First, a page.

From Big Pivots No. 41, July 9, 2021
Utah says ozone levels caused by wildfires and Chinese pollution
Air quality has improved along the Wasatch front in Utah. There’s less particulate matter. As for the unseen but difficult ozone, Utah leaders seek a reprieve from a federal reclassification because, they say, the sources lie beyond the state’s control. They cite nearby wildfires and the pollution from Chinese power plants.
The Salt Lake Tribune says they acknowledge current studies lack sufficient rigor, but they want the Environmental Protection Agency to give them a chance to prove it.
“If all cities and states, such as Los Angeles, blamed their emissions problems on international sources and the difficulty of reducing ozone concentrations, as Utah is attempting with its Demonstration, there would be no steps taken—including by states whose pollution impacts Utah—to reduction pollution,” Joro Walker, staff attorney with Western Resource Advocates, told the Tribune.
The EPA is about to reclassify the non-attainment status from “marginal” to “moderate,” says the Tribune. This would kick in mandatory emission reductions and planning for the northern half of the Wasatch Front.
Clean fuel standard to go before legislators next year in New Mexico
A clean fuel standard that would require a 10% reduction in the carbon intensity of fuel used for transportation by 2030 and 28% by 2040 will almost certainly be on the legislative agenda next year in New Mexico.
The Albuquerque Journal reports Alicia J. Keyes, the state’s economic development secretary, told a forum that the proposal will be to the agenda of next year’s 30-day session.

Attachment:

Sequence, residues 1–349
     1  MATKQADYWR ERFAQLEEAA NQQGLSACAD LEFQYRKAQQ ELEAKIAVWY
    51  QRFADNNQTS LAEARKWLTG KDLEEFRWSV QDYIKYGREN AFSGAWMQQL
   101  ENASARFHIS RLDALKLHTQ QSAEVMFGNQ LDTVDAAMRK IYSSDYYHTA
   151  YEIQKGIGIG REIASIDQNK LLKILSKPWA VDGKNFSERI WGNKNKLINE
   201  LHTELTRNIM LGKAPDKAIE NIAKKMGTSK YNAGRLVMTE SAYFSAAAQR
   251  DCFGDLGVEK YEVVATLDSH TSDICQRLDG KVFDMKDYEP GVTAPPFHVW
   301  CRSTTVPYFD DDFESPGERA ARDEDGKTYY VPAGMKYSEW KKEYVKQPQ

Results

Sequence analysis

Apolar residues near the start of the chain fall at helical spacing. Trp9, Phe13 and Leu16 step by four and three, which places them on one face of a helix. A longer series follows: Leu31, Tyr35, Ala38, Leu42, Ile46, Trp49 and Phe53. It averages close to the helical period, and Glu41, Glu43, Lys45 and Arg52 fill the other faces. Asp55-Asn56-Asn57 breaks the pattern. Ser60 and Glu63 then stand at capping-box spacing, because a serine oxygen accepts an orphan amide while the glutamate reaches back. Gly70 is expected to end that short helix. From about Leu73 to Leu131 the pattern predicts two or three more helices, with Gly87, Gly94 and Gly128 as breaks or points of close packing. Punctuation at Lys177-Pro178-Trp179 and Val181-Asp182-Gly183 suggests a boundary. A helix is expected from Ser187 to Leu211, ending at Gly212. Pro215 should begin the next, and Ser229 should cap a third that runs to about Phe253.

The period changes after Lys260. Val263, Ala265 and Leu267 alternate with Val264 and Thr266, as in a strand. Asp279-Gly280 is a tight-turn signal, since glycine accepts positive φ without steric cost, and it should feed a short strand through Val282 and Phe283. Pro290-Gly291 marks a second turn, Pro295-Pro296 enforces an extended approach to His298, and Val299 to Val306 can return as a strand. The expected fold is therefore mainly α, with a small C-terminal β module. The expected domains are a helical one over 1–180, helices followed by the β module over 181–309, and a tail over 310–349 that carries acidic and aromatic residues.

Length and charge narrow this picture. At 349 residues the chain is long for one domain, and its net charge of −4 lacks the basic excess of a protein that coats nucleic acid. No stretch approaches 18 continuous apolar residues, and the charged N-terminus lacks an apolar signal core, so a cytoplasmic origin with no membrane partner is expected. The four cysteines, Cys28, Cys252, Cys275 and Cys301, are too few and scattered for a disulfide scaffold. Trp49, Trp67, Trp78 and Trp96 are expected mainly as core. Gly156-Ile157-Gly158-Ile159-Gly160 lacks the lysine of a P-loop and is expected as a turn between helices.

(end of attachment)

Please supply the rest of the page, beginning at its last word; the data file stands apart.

Keyes said the proposal would give companies that make, produce, or refine fuels the option of buying credits from producers of hydrogen or other low-carbon fuels or from businesses that reduce their emissions. This would create a market that supports say would spur investment in clean energy. She cited California’s law, which she said has boosted employment in biomass, wind, and solar.
July 14 a red-letter date for Tri-State in its tussle with dissident members
The time seems to be drawing near for the reckoning of Tri-State Generation & Transmission with its members.
The wholesale provider has until July 14 to tell the Federal Energy Regulatory Commission why its tariff constitutes a “clear and transparent procedures” for its member electrical cooperatives who may want to get out.
“The lack of clear and transparent exist provision has allowed Tri-State to impose substantial barriers for its utility members in evaluating whether to remain in Tri-State,” says the order, which was issued on June 17.
The order went on to say that Tri-State had 30 days to show why its rules are “just and reasonable and not unduly discriminatory or preferential” or explain what changes are needed to make them so.
First Kit Carson Electric and then Delta-Montrose Electric left Tri-State, the latter in 2020 after contentious jousting. United Power then wanted an exit fee—and got one, which it proclaims as out of the ballpark. Durango-based La Plata also wanted a figure. An administrative law judge at the Colorado Public Utilities Commission in summer 2020 issued a decision that basically drew a straight line between the exit fees paid by Kit Carson and Delta-Montrose and said that United and La Plata should have to pay proportionate fees. But the Colorado PUC commissioners did not take up the recommendation because of Tri-State’s insistence that the federal agency has jurisdiction.
The order by the federal agency was provoked by a complaint filed in February by United and La Plata, joined by 2 other cooperatives in Colorado, 2 in Nebraska, and one in New Mexico.
For more background, see Big Pivots 35, i.e. April 18, 2020, or go to Why S&P knocked down its rating for Tri-State form A- to BBB-plus.
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